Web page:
New Santa Clara County facility consolidates help and services for child-abuse survivors

SAN JOSE — Starting Monday, children who have suffered sexual and physical abuse in Santa Clara County will no longer have to endure a gauntlet of scattered visits to get the help they need.

The new Children’s Advocacy Center — located across from O’Connor Hospital in San Jose — geographically consolidates forensic exams and interviews, referrals to mental-health services, and appointments with police and victim advocates.

Erin O’Brien, CEO of of the nonprofit Community Solutions, said the integration of resources in one location will ensure affected children and their families “are connected to ongoing services and support after they leave,” and minimize the need to repeatedly re-live their experiences under past frameworks.

“Having all of the partners under the same roof will help reduce the trauma to children and families of having to be interviewed and re-interviewed multiple times,” she said.

On Thursday, leaders from community-based support organizations and county law enforcement got a sneak peek at the facility, which has been the subject of two decades of planning and an infusion of $6 million in county funds over the past year to renovate the 11,000-square-foot space.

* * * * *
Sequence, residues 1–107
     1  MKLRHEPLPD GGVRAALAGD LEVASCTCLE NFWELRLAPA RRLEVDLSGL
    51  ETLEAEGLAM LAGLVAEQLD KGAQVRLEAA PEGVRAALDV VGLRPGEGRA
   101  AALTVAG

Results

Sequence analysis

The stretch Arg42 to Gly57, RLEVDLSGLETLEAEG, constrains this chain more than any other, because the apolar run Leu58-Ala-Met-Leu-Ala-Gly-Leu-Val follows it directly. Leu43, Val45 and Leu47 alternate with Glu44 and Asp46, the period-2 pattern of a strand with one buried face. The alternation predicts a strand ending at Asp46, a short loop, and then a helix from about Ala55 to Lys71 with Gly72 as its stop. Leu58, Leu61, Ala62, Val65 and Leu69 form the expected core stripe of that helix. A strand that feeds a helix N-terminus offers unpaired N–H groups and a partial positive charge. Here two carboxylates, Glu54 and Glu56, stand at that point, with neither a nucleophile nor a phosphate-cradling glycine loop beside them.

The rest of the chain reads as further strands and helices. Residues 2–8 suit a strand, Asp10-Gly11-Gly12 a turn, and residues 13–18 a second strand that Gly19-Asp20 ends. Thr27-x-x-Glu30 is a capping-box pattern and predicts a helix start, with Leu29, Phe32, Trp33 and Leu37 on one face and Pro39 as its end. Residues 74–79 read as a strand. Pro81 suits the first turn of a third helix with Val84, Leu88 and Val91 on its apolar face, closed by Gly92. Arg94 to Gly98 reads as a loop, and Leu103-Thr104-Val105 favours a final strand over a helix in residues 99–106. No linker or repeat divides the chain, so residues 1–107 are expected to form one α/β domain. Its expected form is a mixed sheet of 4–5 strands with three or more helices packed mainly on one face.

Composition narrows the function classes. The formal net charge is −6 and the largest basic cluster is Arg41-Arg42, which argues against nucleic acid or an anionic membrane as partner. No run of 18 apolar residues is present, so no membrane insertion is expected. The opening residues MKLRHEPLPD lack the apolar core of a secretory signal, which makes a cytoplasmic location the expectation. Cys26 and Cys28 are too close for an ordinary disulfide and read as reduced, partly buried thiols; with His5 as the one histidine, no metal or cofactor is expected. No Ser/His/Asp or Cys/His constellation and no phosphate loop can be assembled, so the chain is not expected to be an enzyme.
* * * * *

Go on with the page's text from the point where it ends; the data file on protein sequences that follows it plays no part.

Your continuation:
County Supervisor Cindy Chavez said the last push to get the center up and running was fueled by the recognition of of service gaps in the county safety net.

“This center is going to contribute not just to the investigations of these crimes, but also — and I’m very excited to say this — to the healing that’s so necessary when these crimes are committed,” Chavez said.

New San Jose Police Chief Anthony Mata was on hand, as were Sunnyvale Department of Public Safety Chief Phan Ngo, Gilroy Police Chief Pedro Espinoza, Undersheriff Ken Binder and San Jose State University Police Chief Gina Di Napoli.

District Attorney Jeff Rosen noted that the center is starting up in a nascent post-pandemic era when authorities expect an increase in reported child abuse, as children once again have access to a “circle of adults” — such as teachers and coaches — who were often the people to whom they reported their illicit treatment.

“Every child needs a team, and victims of child abuse and their families truly need champions,” he said.

Dan Little, director of the county Department of Family and Children’s Services, said that basing some of his staff out of the new center will streamline the assessment of where children reporting abuse can be safely released, whether it’s to their parents, relatives, or through other arrangements.

Assistant District Attorney James Gibbons-Shapiro called the center “a huge leap forward” and said it “moves us from the silos that police and medical staff and victim advocates have been working in, to a true coordinated effort to help kids who need the best that we can give them.”

Officials estimate that the center will be able to help more than 300 children and their families in its first year of operation.

“Moving in together is a big deal,” he said. “By working together, we’re going to serve the children better.”

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Author: Robert Salonga

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